Relationship between Eye Movements and Visual Field Defects

Figure 3 Columns B1 and B2 show the binned saccade directional data used in the χ2 analysis plotted against visual field sensitivity for each PVFL patient. The 54 values of visual field sensitivity are taken from the pattern deviation plot on the Humphrey Visual Field test. These values were grouped into eight evenly spaced bins (each spanning 45° around central fixation). The mean sensitivity value at each of those bins was then plotted against the relative saccade frequency to that bin location for each patient. The relative saccade frequency was calculated by dividing the number of saccades to each bin location by the total number of saccades for that patient. A positive correlation between visual field sensitivity and the PVFL relative frequency would indicate a patient looked less frequently into areas of the visual field known to be less sensitive. Six out of 10 PVFL patients showed a modest trend toward this positive correlation, but none of the comparisons were significant.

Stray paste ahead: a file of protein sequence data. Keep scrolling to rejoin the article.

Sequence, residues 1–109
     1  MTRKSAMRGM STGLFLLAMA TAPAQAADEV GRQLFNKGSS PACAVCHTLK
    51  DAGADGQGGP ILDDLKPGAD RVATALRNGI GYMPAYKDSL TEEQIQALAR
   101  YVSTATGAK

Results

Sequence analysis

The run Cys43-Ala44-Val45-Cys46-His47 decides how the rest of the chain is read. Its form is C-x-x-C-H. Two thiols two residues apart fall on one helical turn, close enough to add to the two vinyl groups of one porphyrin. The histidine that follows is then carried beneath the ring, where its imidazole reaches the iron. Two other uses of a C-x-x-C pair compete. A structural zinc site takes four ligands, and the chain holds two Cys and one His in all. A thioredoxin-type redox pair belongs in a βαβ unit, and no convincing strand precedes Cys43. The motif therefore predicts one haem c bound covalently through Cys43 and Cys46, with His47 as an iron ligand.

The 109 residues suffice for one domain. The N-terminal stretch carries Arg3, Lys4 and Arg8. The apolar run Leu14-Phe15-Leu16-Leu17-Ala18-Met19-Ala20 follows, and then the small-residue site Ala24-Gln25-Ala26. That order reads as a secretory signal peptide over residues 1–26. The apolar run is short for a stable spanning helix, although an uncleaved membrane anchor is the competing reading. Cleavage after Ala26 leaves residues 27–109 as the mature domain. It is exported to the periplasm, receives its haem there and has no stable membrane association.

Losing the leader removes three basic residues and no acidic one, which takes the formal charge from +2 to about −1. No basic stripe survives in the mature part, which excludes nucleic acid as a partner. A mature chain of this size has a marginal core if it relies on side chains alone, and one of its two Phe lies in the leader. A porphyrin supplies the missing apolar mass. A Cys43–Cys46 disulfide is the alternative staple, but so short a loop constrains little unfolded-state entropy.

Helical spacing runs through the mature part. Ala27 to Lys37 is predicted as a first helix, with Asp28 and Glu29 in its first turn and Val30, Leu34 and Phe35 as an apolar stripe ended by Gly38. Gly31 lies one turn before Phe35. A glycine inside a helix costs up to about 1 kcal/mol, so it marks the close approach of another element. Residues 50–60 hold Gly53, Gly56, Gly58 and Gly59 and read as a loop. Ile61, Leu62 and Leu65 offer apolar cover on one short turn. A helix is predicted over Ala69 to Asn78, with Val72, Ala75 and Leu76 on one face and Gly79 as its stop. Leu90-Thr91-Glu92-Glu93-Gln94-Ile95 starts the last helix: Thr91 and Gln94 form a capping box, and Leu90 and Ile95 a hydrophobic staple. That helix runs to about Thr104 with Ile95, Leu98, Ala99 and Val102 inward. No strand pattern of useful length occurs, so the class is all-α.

Figure 4 Column A shows patterns of sensitivity across the visual field depicted as heat maps (where “hotter” areas depict areas with a higher deviation from normal). The top row shows the averaged data for FVF subjects, and Column A2-10 show the individual data for each PVFL subject. The Figure was created from each individual’s most recent pattern deviation plot on the Humphrey Visual Field test. Pattern deviation thresholds were binned into a matrix representative of the patient’s visual field. Each bin on the heat map spans 6° in x and y direction to create a visual field space spanning 54° horizontally and 48° vertically. All visual fields are normalized to the “left” eye field; specifically, visual fields of subjects tested with the right eye were horizontally flipped to facilitate comparison of deficits across subjects.